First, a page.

What's good for the theater lobby isn't necessarily good for those of us who don't want our entertainment censored. Yet there is no shortage of screenwriters willing to lend Hollywood's product a cleaner sensibility. In December, the Atlantic Monthly reported on Christian screenwriting school Act One, whose faculty includes producers and writers from mainstream shows like Buffy the Vampire Slayer and That '70s Show. In 2004, conservatives launched the Liberty Film Festival; last October the festival included a panel discussion titled, "Was Communism a Threat to Hollywood?"

Perhaps the more pressing question: is Hollywood ready to compensate exhibitors by eschewing edgy politics for movies with a built-in audience? A sequel -- or, more accurately, prequel -- to The Passion of the Christ is rumored. New Line Cinema is producing The Nativity, a film based on the life of Mary and Joseph, directed by Catherine Hardwicke (Thirteen, Lords of Dogtown). The End of the Spear tells the story of five missionaries whose families forgive the South American tribe that killed them.

Fears of a boycott of one of the year's most eagerly anticipated releases, The Da Vinci Code, has Sony Pictures mounting a public relations campaign among evangelicals and Catholics. Madea's Family Reunion, which recently opened at the top of the box office, is a comedy about an African-American Christian fundamentalist family, whose evangelical producer Tyler Perry has, according to the L.A. Times, helped sell studio heads on the African-American Christian film market. Besides working on the Narnia franchise, Anschutz's Walden Media is releasing Amazing Grace, a biopic of the Christian revivalist Wilbur Wilberforce.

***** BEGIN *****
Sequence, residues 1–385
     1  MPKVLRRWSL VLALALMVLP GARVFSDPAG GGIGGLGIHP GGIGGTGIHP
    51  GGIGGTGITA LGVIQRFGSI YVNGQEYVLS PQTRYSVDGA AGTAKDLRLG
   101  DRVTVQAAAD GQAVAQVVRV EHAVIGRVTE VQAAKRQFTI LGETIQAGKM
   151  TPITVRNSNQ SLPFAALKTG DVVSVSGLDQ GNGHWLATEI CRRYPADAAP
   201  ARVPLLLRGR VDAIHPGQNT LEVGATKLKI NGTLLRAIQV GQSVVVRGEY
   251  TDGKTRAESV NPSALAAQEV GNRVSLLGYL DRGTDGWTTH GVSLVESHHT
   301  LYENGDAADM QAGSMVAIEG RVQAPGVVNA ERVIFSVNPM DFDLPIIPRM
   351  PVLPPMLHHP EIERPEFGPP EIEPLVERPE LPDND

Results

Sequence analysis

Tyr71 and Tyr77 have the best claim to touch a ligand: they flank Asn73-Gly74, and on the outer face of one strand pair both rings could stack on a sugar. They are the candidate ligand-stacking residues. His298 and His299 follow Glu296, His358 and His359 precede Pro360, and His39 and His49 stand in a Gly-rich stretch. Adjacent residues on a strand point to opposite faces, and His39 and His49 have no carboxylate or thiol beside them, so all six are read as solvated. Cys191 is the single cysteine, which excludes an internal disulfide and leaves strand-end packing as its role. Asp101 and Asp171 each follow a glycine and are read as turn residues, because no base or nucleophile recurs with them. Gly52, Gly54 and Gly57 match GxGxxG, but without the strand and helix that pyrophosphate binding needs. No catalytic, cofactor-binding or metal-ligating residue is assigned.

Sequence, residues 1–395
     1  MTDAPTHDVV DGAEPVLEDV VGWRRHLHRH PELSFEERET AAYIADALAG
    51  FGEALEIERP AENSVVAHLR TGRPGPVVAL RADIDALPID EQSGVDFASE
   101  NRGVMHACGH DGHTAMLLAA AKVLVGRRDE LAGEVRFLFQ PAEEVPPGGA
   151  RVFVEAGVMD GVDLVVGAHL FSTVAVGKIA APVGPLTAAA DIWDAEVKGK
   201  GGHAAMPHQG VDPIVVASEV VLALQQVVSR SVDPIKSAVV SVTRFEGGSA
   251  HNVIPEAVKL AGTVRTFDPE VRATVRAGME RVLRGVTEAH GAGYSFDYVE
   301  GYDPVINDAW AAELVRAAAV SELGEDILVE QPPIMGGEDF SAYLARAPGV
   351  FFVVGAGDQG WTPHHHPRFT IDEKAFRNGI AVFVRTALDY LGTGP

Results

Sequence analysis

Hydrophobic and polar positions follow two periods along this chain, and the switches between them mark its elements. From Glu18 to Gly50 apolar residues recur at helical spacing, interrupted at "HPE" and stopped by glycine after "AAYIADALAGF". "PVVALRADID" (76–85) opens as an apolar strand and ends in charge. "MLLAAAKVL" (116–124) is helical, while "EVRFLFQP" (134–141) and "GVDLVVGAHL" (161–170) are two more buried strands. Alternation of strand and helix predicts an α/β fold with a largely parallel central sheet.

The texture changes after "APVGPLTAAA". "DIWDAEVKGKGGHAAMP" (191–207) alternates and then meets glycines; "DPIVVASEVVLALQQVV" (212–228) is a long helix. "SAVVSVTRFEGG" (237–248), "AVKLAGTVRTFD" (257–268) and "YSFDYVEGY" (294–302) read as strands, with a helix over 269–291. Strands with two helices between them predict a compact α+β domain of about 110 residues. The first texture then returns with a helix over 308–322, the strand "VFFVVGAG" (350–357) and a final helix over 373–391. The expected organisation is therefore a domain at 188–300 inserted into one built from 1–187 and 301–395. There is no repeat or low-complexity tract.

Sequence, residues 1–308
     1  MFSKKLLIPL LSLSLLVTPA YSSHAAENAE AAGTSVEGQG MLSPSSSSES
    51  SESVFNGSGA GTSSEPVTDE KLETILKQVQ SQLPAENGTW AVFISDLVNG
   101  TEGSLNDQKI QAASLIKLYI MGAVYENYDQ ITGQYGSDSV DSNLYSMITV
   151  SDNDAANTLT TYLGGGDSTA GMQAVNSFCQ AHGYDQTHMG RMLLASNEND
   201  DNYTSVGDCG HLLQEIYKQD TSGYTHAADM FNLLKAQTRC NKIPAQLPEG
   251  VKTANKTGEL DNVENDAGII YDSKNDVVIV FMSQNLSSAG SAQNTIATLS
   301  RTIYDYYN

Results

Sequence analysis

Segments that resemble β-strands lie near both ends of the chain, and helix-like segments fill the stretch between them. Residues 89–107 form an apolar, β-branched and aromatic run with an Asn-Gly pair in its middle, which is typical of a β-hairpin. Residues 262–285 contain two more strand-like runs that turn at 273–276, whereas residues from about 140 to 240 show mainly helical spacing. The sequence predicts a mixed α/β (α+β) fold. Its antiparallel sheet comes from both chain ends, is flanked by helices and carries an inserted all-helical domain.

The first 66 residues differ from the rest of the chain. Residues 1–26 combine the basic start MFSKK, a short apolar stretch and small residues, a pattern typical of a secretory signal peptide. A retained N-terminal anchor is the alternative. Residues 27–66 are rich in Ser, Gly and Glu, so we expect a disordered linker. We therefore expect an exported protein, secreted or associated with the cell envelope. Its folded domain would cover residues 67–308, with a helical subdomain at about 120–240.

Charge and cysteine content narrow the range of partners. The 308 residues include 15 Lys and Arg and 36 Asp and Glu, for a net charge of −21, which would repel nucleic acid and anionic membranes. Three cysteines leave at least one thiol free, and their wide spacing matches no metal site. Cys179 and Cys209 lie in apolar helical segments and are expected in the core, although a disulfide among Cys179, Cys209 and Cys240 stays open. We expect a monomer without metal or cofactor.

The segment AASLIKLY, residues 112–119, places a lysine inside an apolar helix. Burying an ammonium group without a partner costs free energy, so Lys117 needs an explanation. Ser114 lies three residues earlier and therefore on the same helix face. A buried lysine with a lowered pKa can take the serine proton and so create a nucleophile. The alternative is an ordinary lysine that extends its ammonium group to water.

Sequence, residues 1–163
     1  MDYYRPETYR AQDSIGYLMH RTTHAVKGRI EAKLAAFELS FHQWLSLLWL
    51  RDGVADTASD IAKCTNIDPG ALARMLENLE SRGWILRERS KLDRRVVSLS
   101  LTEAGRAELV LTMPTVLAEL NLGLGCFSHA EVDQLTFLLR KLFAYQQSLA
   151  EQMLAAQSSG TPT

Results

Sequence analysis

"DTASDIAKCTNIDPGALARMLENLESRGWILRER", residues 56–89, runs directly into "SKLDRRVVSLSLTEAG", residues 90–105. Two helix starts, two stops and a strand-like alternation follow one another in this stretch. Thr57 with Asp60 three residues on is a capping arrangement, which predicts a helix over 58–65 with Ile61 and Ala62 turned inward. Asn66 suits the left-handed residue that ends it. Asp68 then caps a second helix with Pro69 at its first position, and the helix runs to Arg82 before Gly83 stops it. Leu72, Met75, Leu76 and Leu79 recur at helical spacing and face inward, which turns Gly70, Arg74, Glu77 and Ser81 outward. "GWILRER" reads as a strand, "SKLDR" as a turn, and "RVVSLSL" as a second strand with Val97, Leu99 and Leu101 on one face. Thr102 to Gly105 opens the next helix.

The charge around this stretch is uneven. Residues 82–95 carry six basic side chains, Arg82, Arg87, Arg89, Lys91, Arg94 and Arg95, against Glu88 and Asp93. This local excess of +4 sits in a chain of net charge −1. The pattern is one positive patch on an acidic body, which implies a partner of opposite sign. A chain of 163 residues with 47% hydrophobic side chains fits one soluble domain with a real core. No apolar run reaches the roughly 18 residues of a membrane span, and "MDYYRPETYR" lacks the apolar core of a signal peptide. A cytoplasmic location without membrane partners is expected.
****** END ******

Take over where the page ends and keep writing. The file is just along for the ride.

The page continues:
Anschutz may well see himself as someone like Wilberforce, the wealthy merchant's son whose embrace of evangelical Christianity led him to fight to abolish the British slave trade. Wilberforce, however, was open about his intentions. Anschutz may better resemble another openly conservative Presbyterian, one who acquired his own vertically integrated empire of newspapers, film studios, and television stations years before anyone realized he would turn those media outlets into his personal political mouthpiece. That man was Rupert Murdoch.

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Pardoning the Pentagon

By Molly Ivins, AlterNet. Posted March 28, 2006.

The Pentagon has investigated its own habit of paying people to lie -- and, lo and behold, it found itself not guilty.
The Pentagon has once again investigated itself! And -- have a seat, get the smelling salts, hold all hats -- the Pentagon has once again concluded the Pentagon did absolutely nothing wrong and will continue to do so.

In this particularly fascinating case, the Pentagon investigated its own habit of paying people to make up lies about how well the war in Iraq is going, and then paying other people to put those lies in the Iraqi media, thus fooling the Iraqis into thinking everything in their country is tickety-boo. Well, if we can't fool them, whom can we fool?

The case revolves around a contract worth several million dollars given by the U.S. military command in Baghdad to the Lincoln Group, a public relations outfit started by two young entrepreneurs, one British, one American, in 2003 in Iraq. Articles were written by American military personnel from the American point of view about the war -- to wit, it's going well. Lincoln Group in turn paid Iraqi journalists, some "on retainer," to print the articles without revealing the source.